When it comes to colon health and reducing the risk for colorectal cancer and other diseases, you are in the driver's seat! I hope this article leaves you feeling empowered and motivated to care for your colon and your whole body using natural and preventive options that we know truly work.
- Aune, D., et al. “Dietary Fibre, Whole Grains, and Risk of Colorectal Cancer: Systematic Review and Dose-Response Meta-Analysis of Prospective Studies.” BMJ, vol. 343, no. nov10 1, 10 Nov. 2011, pp. d6617–d6617, www.ncbi.nlm.nih.gov/pmc/articles/PMC3213242/, 10.1136/bmj.d6617. Accessed 1 Mar. 2021.
- Azzouz, Laura L, and Sandeep Sharma. “Physiology, Large Intestine.” Nih.gov, StatPearls Publishing, 27 July 2020, www.ncbi.nlm.nih.gov/books/NBK507857/#article-24030.r1. Accessed 2 Mar. 2021.
- Braasch-Turi, Margaret, and Debbie C. Crans. “Synthesis of Naphthoquinone Derivatives: Menaquinones, Lipoquinones and Other Vitamin K Derivatives.” Molecules, vol. 25, no. 19, 29 Sept. 2020, p. 4477, www.ncbi.nlm.nih.gov/pmc/articles/PMC7582351/, 10.3390/molecules25194477. Accessed 1 Mar. 2021.
- “Cancer Today.” Iarc.fr, 2020, gco.iarc.fr/today/online-analysis-multi-bars?v=2020&mode=cancer&mode_population=countries&population=900&populations=900&key=asr&sex=0&cancer=39&type=0&statistic=5&prevalence=0&population_group=0&ages_group%5B%5D=0&ages_group%5B%5D=17&nb_items=10&group_cancer=1&include_nmsc=1&include_nmsc_other=1&type_multiple=%257B%2522inc%2522%253Atrue%252C%2522mort%2522%253Afalse%252C%2522prev%2522%253Afalse%257D&orientation=horizontal&type_sort=0&type_nb_items=%257B%2522top%2522%253Atrue%252C%2522bottom%2522%253Afalse%257D. Accessed 1 Mar. 2021.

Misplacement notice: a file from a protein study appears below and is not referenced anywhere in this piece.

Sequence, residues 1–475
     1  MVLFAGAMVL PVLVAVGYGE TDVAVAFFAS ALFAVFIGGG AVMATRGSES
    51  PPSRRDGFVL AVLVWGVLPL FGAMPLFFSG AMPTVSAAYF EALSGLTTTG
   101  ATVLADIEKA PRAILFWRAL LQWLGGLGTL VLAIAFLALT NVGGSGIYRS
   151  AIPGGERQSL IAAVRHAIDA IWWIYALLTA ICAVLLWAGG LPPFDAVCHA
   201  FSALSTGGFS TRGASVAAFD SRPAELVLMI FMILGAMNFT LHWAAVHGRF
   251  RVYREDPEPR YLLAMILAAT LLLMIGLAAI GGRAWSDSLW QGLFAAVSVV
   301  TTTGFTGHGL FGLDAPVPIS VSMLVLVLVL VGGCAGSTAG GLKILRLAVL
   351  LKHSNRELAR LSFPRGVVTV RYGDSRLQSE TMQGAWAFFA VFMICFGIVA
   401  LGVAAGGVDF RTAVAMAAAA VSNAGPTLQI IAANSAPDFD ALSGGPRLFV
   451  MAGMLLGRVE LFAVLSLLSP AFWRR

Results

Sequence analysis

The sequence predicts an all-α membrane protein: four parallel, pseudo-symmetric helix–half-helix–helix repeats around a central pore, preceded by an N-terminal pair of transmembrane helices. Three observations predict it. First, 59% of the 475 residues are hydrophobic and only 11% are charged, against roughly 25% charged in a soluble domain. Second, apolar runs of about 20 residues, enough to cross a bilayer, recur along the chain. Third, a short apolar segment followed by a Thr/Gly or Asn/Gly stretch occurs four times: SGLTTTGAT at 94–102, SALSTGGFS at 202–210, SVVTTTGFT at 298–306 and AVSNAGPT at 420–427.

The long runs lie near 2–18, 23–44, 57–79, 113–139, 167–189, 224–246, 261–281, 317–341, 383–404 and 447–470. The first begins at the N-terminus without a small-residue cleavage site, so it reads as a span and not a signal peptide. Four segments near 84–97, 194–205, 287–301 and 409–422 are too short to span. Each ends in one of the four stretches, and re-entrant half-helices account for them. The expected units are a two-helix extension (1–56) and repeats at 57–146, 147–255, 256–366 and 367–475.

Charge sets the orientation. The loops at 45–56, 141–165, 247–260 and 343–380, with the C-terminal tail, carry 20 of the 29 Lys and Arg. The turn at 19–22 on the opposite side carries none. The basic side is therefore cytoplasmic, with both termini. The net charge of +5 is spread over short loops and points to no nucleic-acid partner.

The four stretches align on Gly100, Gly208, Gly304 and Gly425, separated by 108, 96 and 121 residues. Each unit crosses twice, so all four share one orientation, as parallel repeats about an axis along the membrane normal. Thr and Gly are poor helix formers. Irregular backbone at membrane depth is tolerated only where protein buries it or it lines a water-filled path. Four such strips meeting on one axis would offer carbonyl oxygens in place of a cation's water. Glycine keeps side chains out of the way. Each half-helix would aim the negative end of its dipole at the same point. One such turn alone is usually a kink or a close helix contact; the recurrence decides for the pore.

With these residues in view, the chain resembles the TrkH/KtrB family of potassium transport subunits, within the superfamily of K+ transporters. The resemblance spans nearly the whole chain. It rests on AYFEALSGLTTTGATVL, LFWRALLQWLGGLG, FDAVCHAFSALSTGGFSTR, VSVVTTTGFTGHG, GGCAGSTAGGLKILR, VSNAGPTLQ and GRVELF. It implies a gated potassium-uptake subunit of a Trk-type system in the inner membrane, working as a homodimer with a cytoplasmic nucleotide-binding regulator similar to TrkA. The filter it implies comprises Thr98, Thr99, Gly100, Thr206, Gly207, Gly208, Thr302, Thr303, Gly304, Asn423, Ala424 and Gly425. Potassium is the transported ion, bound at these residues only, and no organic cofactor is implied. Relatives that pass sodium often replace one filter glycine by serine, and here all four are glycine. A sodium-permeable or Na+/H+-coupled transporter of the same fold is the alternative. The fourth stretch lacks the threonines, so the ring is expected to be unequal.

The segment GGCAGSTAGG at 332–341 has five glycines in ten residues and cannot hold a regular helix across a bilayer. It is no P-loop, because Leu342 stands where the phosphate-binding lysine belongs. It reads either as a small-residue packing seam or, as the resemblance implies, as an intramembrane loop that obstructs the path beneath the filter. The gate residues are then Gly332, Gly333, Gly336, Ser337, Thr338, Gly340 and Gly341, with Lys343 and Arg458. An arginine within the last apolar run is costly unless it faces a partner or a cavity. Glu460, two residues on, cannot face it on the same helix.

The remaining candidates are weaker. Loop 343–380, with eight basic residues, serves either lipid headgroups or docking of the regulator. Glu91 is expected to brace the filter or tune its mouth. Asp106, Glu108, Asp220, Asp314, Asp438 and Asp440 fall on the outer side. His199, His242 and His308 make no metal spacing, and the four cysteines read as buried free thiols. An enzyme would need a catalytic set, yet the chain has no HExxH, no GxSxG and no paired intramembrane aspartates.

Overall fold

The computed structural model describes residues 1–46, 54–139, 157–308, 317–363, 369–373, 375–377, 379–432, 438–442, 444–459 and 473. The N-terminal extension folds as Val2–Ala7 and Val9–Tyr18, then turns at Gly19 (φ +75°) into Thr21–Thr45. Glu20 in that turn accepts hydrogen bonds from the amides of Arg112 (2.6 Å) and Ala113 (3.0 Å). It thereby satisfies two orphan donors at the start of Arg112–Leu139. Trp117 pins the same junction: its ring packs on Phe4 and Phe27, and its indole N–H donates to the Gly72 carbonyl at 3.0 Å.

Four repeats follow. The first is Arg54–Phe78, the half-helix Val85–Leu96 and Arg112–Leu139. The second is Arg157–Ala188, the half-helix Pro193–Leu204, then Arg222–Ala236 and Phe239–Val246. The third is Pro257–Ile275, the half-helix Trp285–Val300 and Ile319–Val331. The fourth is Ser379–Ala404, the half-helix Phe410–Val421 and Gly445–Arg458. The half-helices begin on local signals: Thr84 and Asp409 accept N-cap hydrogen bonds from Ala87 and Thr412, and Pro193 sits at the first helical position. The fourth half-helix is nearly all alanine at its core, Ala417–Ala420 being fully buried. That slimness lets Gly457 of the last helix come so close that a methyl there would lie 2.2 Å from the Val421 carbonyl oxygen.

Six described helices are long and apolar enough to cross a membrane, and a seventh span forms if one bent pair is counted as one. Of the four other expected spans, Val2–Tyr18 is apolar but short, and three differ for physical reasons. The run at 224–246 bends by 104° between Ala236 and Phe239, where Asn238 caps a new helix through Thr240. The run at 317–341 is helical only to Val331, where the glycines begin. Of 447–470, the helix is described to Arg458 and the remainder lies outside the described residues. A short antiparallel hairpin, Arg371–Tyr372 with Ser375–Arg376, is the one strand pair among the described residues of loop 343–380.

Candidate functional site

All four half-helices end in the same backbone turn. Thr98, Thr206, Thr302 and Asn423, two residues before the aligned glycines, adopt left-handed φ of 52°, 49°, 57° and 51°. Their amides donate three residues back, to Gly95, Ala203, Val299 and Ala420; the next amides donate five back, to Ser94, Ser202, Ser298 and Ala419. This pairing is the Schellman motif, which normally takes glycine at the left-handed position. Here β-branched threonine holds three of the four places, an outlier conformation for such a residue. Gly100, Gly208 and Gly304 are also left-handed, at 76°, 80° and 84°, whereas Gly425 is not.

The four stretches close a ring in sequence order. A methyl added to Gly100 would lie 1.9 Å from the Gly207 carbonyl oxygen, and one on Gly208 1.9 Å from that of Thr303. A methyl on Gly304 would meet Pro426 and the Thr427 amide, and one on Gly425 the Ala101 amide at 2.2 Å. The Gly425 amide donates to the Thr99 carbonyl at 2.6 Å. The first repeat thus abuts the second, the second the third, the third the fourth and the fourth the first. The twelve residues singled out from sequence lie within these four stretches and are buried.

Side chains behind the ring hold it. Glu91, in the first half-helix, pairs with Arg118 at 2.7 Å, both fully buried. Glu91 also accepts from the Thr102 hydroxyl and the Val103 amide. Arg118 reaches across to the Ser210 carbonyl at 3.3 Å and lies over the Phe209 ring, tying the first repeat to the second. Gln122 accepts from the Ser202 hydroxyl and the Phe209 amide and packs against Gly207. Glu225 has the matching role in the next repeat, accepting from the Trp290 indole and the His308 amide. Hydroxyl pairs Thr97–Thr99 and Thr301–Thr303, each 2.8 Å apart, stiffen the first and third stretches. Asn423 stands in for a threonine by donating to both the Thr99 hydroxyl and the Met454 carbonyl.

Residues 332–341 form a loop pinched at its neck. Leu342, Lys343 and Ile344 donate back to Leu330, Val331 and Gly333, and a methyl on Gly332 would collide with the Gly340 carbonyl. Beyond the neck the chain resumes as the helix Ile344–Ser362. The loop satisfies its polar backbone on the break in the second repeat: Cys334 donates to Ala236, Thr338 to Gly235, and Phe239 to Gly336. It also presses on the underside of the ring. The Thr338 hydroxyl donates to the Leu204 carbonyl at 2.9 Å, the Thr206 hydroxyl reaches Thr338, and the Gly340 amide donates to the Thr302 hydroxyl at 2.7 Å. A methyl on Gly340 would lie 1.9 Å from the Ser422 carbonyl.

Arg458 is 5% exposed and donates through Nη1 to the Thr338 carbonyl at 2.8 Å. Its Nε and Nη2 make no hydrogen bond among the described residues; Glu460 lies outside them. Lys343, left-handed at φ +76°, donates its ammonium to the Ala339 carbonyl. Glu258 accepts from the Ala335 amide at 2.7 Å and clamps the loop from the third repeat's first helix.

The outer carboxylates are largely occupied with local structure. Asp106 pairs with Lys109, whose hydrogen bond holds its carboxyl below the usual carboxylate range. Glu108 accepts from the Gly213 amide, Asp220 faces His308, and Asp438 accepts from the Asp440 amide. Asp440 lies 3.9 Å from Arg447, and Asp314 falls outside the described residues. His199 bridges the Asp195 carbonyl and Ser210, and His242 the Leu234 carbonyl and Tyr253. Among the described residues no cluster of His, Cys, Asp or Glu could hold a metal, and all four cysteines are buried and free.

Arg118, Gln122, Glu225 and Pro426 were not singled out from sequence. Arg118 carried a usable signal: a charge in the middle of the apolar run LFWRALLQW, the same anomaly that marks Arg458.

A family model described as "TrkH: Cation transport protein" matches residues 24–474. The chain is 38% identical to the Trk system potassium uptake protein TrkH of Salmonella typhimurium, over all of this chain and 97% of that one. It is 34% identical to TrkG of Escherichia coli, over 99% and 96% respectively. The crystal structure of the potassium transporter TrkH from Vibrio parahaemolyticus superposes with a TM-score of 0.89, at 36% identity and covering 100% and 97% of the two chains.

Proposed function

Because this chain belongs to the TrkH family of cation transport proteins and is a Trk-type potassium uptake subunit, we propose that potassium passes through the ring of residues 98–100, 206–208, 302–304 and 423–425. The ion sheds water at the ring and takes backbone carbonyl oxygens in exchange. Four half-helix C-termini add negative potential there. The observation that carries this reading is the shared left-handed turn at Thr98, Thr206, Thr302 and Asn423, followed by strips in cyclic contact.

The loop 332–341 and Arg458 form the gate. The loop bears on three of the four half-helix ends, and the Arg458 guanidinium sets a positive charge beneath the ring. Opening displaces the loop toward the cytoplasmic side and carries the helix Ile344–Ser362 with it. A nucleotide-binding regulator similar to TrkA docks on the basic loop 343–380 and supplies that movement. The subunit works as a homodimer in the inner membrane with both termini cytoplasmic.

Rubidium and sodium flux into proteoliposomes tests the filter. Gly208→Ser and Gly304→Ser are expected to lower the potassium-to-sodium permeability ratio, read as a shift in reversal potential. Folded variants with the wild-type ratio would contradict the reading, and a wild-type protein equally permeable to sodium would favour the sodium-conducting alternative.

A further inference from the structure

- “Colon Cancer.” American Family Physician, vol. 97, no. 10, 2021, p. 658, www.aafp.org/afp/2018/0515/p658-s1.html. Accessed 2 Mar. 2021.
- Dou, Ruoxu, et al. “Vitamin D and Colorectal Cancer: Molecular, Epidemiological and Clinical Evidence.” British Journal of Nutrition, vol. 115, no. 9, 9 Mar. 2016, pp. 1643–1660, www.ncbi.nlm.nih.gov/pmc/articles/PMC4890569/, 10.1017/s0007114516000696. Accessed 1 Mar. 2021.
- Litvak, Yael, et al. “Colonocyte Metabolism Shapes the Gut Microbiota.” Science, vol. 362, no. 6418, 29 Nov. 2018, p. eaat9076, www.ncbi.nlm.nih.gov/pmc/articles/PMC6296223/, 10.1126/science.aat9076. Accessed 1 Mar. 2021.